Hulu's newest true-crime documentary, "Demons and Saviors," has arrived. The film, which premiered Aug. 3, tells the story of Christina Boyer, a woman who was rumoured to have telekinetic abilities as a child and was imprisoned for the murder of her 3-year-old daughter as an adult. The documentary lets Boyer tell her story through a series of interviews conducted over the telephone, and features a variety of conversations with people who have often wildly different perspectives on her story.
"Demons and Saviors" doesn't offer easy answers. Instead it focuses on the facts, leaving viewers to decide how they feel about Boyer's story. Here's what we know for sure about the case.
Boyer was born in 1996 in Columbus, OH. At the age of 14, per ABC News, she began making headlines for her apparent psychic abilities. According to Boyer, it all began when strange events began occurring around her house, such as lights flashing on and off and a television playing after it had been unplugged. Her adoptive parents, John and Joan Resch, were extremely religious and believed Boyer was possessed, so they called a local priest to perform an exorcism, and also summoned the local paper to document what was going on. Boyer then became the subject of a national obsession, and reports were claiming that Boyer was telekinetic — aka capable of moving objects with only her mind. Soon, she was nicknamed "The Poltergeist Girl" by the media.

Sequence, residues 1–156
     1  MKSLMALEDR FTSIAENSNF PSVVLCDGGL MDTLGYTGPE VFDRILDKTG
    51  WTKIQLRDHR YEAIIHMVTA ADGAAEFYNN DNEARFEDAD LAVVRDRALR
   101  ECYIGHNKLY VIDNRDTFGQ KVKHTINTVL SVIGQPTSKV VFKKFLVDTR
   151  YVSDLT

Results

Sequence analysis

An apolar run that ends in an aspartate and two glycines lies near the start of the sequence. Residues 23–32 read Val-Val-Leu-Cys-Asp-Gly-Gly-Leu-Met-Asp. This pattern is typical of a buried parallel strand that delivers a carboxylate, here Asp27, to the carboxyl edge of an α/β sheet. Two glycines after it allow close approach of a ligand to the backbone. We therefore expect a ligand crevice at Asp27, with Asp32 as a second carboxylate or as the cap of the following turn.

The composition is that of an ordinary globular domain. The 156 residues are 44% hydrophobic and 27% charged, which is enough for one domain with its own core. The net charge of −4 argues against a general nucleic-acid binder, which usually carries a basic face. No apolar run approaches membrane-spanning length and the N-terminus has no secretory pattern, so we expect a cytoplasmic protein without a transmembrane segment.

Boyer eventually moved away from her family, whom she alleges was abusive in the documentary, and entered a marriage that she alleges was also abusive. By 22, she had a 3-year-old daughter named Amber and was dating a local man named David Herrin, per ABC News. She was living in Carrollton, GA, which was where psychologists Bill Roll and Jeannie Lagle also resided. Roll and Lagle had studied Boyer's abilities in the past, and Boyer had begun working on a book about her reported abilities with Lagle when everything changed.
On April 14, 1992, Amber was found dead at Boyer's home. According to Boyer, she herself had been at Lagle's house during the time of Amber's death, and her daughter had been in Herrin's care when she was killed. Lagle later corroborated her account.
Boyer and Herrin were both arrested for Amber's murder. Per ABC, a medical examiner found that Amber had died from a blow to the head, but said she also had signs of ongoing physical abuse that appeared to have occurred days prior to the murder. To avoid a trial and possible death sentence, Boyer agreed to a plea bargain. Herrin, for his part, was acquitted of murder and convicted of cruelty to children, and served 11 years of a 20-year sentence before his release in 2011.
Today, a group of supporters who call themselves "Team Tina" have been working to exonerate Boyer, saying she could not have committed the crime.
"Demons and Saviors" is now streaming on Hulu.